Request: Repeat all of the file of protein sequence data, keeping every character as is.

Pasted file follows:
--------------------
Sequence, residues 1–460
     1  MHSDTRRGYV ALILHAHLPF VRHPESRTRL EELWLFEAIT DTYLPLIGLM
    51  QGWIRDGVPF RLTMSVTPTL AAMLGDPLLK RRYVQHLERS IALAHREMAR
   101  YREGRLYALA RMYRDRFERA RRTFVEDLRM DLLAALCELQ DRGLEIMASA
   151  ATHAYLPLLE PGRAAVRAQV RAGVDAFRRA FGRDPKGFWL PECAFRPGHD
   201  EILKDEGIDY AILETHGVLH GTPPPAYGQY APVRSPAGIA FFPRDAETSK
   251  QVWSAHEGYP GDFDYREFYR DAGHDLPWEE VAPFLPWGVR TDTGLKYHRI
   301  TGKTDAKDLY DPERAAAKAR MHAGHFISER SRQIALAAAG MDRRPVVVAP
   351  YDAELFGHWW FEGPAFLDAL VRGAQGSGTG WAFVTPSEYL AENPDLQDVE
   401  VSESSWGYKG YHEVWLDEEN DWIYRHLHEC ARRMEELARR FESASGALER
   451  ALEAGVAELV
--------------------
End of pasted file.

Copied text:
Sequence, residues 1–460
     1  MHSDTRRGYV ALILHAHLPF VRHPESRTRL EELWLFEAIT DTYLPLIGLM
    51  QGWIRDGVPF RLTMSVTPTL AAMLGDPLLK RRYVQHLERS IALAHREMAR
   101  YREGRLYALA RMYRDRFERA RRTFVEDLRM DLLAALCELQ DRGLEIMASA
   151  ATHAYLPLLE PGRAAVRAQV RAGVDAFRRA FGRDPKGFWL PECAFRPGHD
   201  EILKDEGIDY AILETHGVLH GTPPPAYGQY APVRSPAGIA FFPRDAETSK
   251  QVWSAHEGYP GDFDYREFYR DAGHDLPWEE VAPFLPWGVR TDTGLKYHRI
   301  TGKTDAKDLY DPERAAAKAR MHAGHFISER SRQIALAAAG MDRRPVVVAP
   351  YDAELFGHWW FEGPAFLDAL VRGAQGSGTG WAFVTPSEYL AENPDLQDVE
   401  VSESSWGYKG YHEVWLDEEN DWIYRHLHEC ARRMEELARR FESASGALER
   451  ALEAGVAELV